A few months back, my husband uncovered a nest of turtle eggs at the job site. “What’s with all the ping-pong balls?” he asked. My older son identified them as turtle eggs and brought them home where the younger kids filled a bucket with dirt, put the eggs in and then covered them with more dirt. They parked the bucket in a sunny spot in my flower bed, but after a couple months of nothing happening, I ordered the bucket gone, so they moved it over by the tool shed.
Last week, my younger son checked on the eggs. “They’re probably all rotten,” my husband said, so my son tore one of the eggs open. And inside was a baby turtle…ALIVE. It was all slimy and still attached to a large yolk sac.
My son placed it on a damp paper towel in a box, positioned a lamp above, and ever since then he’s been obsessed.
He wakes early to observe his premature pet, and he spends hours each day researching all things turtle. He’s identified it as a snapping turtle (oh joy) and spews all sorts of turtle-y facts to anyone who will listen. He’s relocated the rest of the eggs to a box of sand and set it under a heat lamp to speed the process (again, oh joy).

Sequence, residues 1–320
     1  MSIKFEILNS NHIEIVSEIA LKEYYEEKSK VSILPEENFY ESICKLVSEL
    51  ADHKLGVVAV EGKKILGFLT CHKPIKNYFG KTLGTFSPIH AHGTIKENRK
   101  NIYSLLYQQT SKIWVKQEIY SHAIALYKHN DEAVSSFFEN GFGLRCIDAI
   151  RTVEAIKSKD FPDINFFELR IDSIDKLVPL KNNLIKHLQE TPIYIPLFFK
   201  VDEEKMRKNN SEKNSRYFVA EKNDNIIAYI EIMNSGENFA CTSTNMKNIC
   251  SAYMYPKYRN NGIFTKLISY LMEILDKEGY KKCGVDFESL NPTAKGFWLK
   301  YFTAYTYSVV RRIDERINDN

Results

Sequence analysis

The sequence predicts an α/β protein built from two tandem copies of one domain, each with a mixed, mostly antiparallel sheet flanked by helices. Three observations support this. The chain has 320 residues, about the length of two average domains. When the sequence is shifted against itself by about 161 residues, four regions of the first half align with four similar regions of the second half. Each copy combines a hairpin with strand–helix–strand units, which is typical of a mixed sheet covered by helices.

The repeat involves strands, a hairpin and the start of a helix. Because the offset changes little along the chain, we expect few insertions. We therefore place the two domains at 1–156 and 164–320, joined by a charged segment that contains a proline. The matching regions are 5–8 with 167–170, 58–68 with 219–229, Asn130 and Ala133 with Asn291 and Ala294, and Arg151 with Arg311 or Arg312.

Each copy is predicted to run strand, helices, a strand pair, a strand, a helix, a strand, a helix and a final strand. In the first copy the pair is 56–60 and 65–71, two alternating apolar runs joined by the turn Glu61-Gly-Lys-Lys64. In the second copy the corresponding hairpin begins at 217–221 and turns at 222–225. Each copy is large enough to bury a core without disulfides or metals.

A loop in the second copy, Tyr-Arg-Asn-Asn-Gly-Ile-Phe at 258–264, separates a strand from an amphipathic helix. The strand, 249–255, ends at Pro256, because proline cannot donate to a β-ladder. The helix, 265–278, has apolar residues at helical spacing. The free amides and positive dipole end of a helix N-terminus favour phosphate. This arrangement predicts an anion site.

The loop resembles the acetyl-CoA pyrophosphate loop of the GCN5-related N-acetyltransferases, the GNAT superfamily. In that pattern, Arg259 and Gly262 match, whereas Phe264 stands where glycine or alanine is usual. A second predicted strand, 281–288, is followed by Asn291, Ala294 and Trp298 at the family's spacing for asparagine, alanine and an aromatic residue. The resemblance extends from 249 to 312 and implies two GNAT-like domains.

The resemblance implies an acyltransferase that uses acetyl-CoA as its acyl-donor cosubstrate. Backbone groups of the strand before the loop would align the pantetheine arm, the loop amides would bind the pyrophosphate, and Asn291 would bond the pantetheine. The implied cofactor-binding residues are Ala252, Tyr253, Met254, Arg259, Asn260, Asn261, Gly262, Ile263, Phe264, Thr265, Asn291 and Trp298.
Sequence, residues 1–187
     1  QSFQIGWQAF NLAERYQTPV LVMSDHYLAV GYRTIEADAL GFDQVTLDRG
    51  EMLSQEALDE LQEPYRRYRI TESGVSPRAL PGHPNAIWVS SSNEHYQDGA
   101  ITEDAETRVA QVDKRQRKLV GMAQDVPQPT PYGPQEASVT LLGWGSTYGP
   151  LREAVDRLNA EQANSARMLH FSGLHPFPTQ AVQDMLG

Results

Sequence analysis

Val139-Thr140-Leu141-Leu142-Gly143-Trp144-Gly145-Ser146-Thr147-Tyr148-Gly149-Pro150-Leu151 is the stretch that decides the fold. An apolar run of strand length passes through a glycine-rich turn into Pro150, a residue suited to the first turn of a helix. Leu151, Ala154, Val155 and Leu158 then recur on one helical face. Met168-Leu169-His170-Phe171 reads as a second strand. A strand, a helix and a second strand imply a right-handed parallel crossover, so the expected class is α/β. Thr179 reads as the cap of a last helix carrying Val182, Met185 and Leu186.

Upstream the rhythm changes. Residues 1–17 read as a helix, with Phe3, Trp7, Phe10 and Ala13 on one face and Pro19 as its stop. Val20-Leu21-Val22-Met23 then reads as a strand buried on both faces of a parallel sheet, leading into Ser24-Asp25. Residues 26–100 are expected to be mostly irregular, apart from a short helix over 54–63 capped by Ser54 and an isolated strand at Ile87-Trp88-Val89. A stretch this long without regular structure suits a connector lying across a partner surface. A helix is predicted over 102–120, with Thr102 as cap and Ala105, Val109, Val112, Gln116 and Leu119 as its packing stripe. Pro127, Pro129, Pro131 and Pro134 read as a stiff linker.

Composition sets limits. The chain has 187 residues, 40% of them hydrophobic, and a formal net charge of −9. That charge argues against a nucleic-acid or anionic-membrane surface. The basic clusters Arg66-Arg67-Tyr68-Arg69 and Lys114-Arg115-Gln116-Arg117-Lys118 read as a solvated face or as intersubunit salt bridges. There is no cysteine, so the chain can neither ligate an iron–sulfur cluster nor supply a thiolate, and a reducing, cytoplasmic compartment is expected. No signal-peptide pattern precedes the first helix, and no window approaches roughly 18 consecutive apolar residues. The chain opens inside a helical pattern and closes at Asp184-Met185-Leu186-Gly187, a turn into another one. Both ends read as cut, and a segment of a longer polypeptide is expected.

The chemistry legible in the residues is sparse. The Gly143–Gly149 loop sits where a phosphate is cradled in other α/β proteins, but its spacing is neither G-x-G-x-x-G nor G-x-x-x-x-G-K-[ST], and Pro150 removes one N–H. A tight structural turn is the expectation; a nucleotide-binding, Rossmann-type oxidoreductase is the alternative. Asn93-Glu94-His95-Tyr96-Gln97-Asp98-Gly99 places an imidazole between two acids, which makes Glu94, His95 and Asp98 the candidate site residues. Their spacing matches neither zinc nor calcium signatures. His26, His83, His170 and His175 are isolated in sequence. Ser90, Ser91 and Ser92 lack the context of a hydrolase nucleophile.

We keep warning him that Chomper (ha) might not make it, but that hasn’t stopped him from building a very large (oh, so hopeful, that child!) home from cardboard, tinfoil, and tape for when Chomper is grown.
And he’s made a survival chart. He proudly checks off each day the turtle stays alive.
And rather miraculously enough, it’s still alive! The yolk sac—its only food source for now—is shrinking daily, so I guess it’s getting the nourishment it needs.
In the beginning, the turtle looked, and acted, mostly dead (every 15-30 seconds it’d take a giant breath and we’d all exhale, too), but now the turtle blinks, wiggles its very long tail, sticks out its head, and creeps about.
This same time, years previous: the quotidian (8.29.16), peach crisp, it all adds up, they’re getting it!, grape parfaits, 2011 stats and notes, roasted tomato sauce, pasta with sauteed peppers and onions.